Category Archives: Astronomy

First Glimpses Last Night

The young miss and I got our first views of the comet. My first in over two decades. We live across the street from a nature preserve, and as you might expect in the¬†Pacific Northwest, we have to contend with … Continue reading

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This Week’s Comet

image credit: By Maxime Storn – Own work, CC BY-SA 4.0 I suppose if the ancients were undergoing pandemic and this comet appeared in the sky, there might be a lot of hand-wringing over this symbol of celestial displeasure. As … Continue reading

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Which Virgin?

There is much pagan mythology connected to the constellations of the Northern Hemisphere’s night sky. If any of you readers indulge your “horrorscope” you might recognize Virgo, designated a virgin. Perhaps regrettably, this rather large grouping of stars does not … Continue reading

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A Tempter In The Sky

Christians know well the story of Genesis 3. The serpent is the first villain in the Bible.¬† At the end of the story, punishments are delivered. Early Christians imagined the extended and winding constellation wrapping around the pole star to … Continue reading

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Book Challenge Day 8

One of my two favorite astronomy books of all time. Usually I go for planets and smaller bodies–my astronomy leans more to geology and physics and cosmology. But this book is great.

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Book Challenge Day 1

This series will run simultaneously on my fb page. There, no comment, just cover. Here, a few words. This was the first book I wore out. I got another–the same 1956 edition. Today, my go-to field guide for astronomy is … Continue reading

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Giotto’s Comet

Seasonally appropriate, perhaps you know Giotto’s Adoration of the Magi. The star of wonder looks like a comet to me. Europe’s 1980’s probe to Halley’s comet was named for him, because of this painting. Giotto was thought to have been … Continue reading

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a.k.a. 2014 MU69

The object stuck with the unofficial name “Ultima Thule.” A few things about this: 1. There’s already a solar system body named Thule. By the way, it was the 279th discovery in the asteroid belt. 2. Cool. This is a … Continue reading

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Under The Starry Heavens

Two years ago, I blogged here with another image of Ignatius and his beloved stars. One of my favorite images of today’s saint, Ignatius of Loyola, is above. I wish I could locate a credit and artist; the best I … Continue reading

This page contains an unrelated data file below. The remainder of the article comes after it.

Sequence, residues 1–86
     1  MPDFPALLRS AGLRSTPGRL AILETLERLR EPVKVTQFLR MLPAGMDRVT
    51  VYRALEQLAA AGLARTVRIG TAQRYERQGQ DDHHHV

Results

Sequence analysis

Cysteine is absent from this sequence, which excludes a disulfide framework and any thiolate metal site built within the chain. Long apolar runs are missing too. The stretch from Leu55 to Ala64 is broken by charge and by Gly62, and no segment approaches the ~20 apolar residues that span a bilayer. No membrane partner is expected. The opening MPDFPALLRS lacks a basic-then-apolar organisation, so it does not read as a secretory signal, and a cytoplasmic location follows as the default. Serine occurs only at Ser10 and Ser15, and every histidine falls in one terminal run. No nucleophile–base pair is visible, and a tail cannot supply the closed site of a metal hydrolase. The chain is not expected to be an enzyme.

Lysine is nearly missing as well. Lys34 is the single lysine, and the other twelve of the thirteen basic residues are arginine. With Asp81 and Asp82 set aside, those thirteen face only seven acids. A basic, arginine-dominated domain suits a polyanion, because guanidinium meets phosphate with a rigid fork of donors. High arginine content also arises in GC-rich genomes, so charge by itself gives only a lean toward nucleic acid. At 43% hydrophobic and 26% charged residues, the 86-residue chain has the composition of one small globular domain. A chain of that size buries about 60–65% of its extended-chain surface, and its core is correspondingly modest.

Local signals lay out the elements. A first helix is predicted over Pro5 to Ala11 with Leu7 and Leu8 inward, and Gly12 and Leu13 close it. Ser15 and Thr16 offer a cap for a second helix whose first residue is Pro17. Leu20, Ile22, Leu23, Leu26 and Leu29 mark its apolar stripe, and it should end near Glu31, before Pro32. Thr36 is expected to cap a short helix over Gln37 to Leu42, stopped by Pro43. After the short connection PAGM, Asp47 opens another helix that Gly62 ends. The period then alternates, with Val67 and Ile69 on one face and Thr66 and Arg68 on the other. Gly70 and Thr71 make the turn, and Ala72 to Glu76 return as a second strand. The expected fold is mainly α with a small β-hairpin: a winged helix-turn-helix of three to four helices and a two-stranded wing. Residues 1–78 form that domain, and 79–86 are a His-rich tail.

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On My Bookshelf: The Planet Factory

When I was a boy, I read of Peter van de Kamp‘s insistence on having discovered two planets in orbit around Barnard’s Star, a small red orb in our galactic neighborhood. The promise was that being so “close” to us–a … Continue reading

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To The Marius Hills

Image Credit: NASA, Lunar Orbiter 2; Inset: Lunar Reconnaissance Orbiter Our grandchildren might live on the moon. If so, one likely place for a base would be the volcanic landscape of the Marius Hills. Or, more accurately, under it. Today’s … Continue reading

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Coverage of the Sun

Put up earlier on my facebook page. Getting ourselves set up on the side porch. The young miss with NASA tv on the laptop. My half-broken binoculars projecting the sun’s image onto a clothing box: My guess is that we … Continue reading

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Miguel de Cervantes in Space

As far as we yet know, the stellar system Mu Arae has four planets. Some three-hundred trillion miles away, it is not a particularly conspicuous star in the not particularly conspicuous constellation of Ara, the altar. A few years ago, … Continue reading

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Who Orbits?

From Pope Francis’s TED talk this week: How wonderful would it be if the growth of scientific and technological innovation would come along with more equality and social inclusion. How wonderful would it be, while we discover faraway planets, to … Continue reading

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Earth From Apollo 17

The iconic image from the last astronauts to return from the moon. Reminds me of this song from Missa Gaia. And the great medieval saint, Hildegard of Bingen: Glance at the sun. See the moon and the stars. Gaze at … Continue reading

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